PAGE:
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Friday, 1 June, 2001, 09:52 GMT 10:52 UK
Wild salmon face numbers crisis: WWF
By BBC News Online's Jo Kettlewell
Wild salmon numbers are declining throughout the world and could sustain irreparable damage if preventative measures are not taken, the WWF said on Thursday.
Over the last three decades the 'king of fish' has been wiped out completely from 300 of the 2,000 rivers that it naturally inhabits worldwide, it said in a report published on Thursday.
The species is already extinct in seven of the 76 salmon-bearing rivers in England and Wales, it adds.
It blames the loss on a combination of overfishing, climate change, industrial pollution, dam building and the effects of commercial fish farming.
Governments should take urgent action to restore rivers where the fish is threatened or has disappeared, and should protect those rivers still hosting healthy populations, it says.
And, it adds, salmon farms should face stricter controls to prevent damage to local populations.
Brink of extinction
'The Status of Wild Atlantic Salmon - A River by River Assessment' says salmon catches fell by more than 80% between 1970 and the end of the 20th century.
Wild salmon have virtually disappeared in Germany, Switzerland, the Netherlands and Belgium, while other countries such as the US are on the brink of salmon extinction, it says.
Elizabeth Leighton, Senior Policy Officer at WWF, told BBC News Online: "Sub extinctions are happening right now and that is what people are not aware of.
"They think that if there are still salmon in the rivers then there is not a problem. We have to give greater attention to that, as time is running out".
The WWF holds humans responsible for much of the salmon loss.
During the 1970's over-fishing severely depleted wild salmon populations. Since then, an increase in salmon farming has removed some of the pressure of commercial fishing, but, it says, there are now signs that the fish farming itself could have unwanted side effects:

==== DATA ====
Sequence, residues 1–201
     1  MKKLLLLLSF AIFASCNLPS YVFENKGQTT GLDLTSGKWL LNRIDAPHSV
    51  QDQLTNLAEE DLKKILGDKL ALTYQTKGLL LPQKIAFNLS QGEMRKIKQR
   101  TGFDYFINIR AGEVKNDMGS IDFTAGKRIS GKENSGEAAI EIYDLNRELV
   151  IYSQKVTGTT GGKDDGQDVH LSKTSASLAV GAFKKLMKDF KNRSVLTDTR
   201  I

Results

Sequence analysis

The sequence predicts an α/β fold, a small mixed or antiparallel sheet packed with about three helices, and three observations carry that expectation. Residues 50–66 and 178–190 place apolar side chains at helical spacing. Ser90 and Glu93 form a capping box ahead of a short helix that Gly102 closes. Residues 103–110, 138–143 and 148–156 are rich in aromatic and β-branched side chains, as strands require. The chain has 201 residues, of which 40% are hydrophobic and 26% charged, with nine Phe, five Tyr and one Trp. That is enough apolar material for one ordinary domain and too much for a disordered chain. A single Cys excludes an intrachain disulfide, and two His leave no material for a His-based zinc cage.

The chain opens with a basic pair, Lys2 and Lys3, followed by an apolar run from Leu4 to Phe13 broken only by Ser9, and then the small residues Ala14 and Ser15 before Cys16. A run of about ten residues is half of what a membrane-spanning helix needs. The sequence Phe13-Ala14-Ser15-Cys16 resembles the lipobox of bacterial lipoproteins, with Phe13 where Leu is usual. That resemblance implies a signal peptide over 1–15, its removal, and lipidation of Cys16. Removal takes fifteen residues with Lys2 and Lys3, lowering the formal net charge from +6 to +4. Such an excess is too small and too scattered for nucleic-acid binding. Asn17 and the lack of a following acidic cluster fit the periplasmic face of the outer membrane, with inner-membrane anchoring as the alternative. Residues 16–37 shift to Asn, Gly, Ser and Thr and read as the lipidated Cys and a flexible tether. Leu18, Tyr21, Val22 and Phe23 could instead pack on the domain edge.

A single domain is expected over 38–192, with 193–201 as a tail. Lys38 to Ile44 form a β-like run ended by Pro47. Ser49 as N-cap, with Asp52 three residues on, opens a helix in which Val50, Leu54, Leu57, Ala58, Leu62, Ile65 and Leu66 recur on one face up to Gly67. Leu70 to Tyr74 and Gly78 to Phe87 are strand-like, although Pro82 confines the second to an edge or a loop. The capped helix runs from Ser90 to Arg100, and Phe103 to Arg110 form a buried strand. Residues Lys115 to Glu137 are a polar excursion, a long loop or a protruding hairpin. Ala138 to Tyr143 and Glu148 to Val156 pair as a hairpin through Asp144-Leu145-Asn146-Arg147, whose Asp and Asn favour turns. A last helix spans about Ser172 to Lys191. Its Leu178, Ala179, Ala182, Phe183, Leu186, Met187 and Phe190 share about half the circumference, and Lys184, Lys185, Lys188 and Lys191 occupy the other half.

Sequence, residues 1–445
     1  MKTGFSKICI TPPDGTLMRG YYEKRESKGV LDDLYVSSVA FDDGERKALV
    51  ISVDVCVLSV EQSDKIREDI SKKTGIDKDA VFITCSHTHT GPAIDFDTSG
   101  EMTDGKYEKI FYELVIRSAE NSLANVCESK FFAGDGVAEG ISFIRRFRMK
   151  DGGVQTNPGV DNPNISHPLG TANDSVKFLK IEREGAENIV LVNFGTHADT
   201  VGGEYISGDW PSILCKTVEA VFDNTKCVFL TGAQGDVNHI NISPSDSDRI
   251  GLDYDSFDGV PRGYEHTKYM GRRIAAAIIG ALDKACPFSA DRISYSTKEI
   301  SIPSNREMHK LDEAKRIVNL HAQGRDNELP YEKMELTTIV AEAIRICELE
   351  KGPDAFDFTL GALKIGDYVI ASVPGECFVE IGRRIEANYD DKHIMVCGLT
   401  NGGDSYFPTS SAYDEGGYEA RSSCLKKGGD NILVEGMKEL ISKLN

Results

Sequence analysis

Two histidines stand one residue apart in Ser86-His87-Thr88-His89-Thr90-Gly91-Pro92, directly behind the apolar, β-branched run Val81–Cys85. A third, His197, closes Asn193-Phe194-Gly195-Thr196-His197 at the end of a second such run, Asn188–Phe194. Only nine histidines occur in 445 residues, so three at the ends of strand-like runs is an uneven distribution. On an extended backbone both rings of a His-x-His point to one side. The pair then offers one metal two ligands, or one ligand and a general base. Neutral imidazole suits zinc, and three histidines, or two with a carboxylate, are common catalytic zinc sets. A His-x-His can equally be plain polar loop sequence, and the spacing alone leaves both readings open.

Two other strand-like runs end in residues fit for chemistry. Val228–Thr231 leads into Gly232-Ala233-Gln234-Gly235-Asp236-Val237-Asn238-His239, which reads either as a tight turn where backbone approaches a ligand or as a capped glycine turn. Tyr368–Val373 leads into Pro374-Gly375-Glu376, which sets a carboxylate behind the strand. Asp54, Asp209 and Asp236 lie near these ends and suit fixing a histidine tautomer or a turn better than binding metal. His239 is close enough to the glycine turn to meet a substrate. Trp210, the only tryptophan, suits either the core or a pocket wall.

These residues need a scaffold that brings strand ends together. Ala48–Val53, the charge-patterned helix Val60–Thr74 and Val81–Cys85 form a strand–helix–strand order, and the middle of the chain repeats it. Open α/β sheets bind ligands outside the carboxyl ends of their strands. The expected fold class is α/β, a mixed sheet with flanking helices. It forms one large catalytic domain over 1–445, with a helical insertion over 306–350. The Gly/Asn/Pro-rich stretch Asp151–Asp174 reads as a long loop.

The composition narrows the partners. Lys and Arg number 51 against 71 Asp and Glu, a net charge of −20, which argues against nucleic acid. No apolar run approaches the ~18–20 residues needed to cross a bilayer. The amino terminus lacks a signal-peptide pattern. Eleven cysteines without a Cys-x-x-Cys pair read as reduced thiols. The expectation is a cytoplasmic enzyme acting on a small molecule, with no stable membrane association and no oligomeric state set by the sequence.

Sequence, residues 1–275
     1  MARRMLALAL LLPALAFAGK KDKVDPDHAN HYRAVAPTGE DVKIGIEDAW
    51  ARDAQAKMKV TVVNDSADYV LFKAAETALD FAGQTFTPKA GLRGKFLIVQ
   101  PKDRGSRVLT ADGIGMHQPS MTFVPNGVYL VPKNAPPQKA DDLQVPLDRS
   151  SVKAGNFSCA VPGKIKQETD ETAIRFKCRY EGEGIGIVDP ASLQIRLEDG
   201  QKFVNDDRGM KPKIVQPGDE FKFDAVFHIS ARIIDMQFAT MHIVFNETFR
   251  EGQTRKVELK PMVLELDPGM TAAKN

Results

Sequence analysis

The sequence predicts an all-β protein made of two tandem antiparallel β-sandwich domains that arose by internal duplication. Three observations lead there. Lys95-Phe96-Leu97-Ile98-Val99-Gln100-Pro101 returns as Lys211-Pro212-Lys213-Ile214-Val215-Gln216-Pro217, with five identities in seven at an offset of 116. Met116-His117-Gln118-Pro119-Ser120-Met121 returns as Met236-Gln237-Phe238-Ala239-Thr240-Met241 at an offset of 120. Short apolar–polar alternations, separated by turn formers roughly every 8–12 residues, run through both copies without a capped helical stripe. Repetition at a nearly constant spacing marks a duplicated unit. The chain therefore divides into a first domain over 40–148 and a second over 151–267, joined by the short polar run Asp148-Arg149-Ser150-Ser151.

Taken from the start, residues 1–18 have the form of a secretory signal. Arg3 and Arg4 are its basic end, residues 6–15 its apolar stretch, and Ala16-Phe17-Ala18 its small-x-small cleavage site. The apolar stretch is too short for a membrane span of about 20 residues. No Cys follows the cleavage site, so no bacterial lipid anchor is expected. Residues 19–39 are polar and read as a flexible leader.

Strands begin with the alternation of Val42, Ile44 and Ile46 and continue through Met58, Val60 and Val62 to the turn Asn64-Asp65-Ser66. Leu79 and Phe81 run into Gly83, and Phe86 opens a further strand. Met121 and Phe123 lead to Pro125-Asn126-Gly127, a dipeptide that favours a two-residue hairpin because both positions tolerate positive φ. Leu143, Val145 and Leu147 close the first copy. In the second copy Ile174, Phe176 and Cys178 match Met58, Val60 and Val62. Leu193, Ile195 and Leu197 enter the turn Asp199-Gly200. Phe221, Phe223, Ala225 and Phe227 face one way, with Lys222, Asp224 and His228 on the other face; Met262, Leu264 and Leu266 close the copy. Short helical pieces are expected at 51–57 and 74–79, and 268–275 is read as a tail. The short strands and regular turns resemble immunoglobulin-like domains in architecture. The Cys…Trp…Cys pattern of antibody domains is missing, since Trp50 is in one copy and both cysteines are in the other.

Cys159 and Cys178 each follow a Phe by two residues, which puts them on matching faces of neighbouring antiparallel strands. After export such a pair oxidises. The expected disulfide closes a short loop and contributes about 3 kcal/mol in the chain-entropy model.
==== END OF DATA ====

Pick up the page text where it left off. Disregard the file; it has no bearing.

"Farmed salmon can cause a number of problems for wild salmon. If farmed salmon get out they can compete, and interbreed with wild salmon, causing genetic erosion of the local population," Ms Leighton said.
Disturbing the genetic make-up of a particular salmon population is damaging because they are so finely adapted to their local environment. An injection of new genes makes it harder for the population to survive.
This genetic fine tuning also means that once a salmon population has been eradicated from a particular river system it is very difficult to replace, because newcomers will not be adapted in the right way.
"What is wonderful about wild salmon is that in each river you will have a specific population, and they will always come back to that very same river.
"We don't know quite how they do it but they will always come back. So when they have gone, that is it. You can't replace them," Elizabeth Leighton said.
But, she says, tighter controls on fish farming would be a step forwards.
A responsible salmon farm is one which is not located too close to wild populations and does not overcrowd its stock, which allows parasites to flourish, she adds.
Restocking salmon-free rivers can be done if it is done very carefully.
If a gene bank of salmon populations is formed before they become extinct, it is possible to restock that river with fish that already have the all-important genetic fine tuning.
And for those who enjoy smoked salmon sandwiches, there is also a role to play.
"As consumers we should be arguing for the best standards in salmon aquaculture.
"A lot of farmed salmon is harmful to local populations and I don't think people would be happy to buy if they knew that," Ms Leighton says.
The salmon farming industry body Scottish Quality Salmon said on Thursday that its members were already working to preserve fish stocks.
"Given the many complex factors in the worldwide decline of wild Atlantic salmon, Scottish Quality Salmon recognises the importance of preserving stocks which is precisely why its members have already successfully established Area Management Groups throughout the west coast of Scotland and the Western Isles to secure better working relationships at local level between salmon farmers and wild fish interests on matters of fish health, welfare and production.
"Scottish Quality Salmon also has a compulsory Code of Practice on containment of fish, which was developed after consultation with the Scottish Executive and is in addition to our work with NASCO (North Atlantic Salmon Conservation Organisation) to introduce internationally recognised guidelines," SQS chairman Lord Lindsay said.
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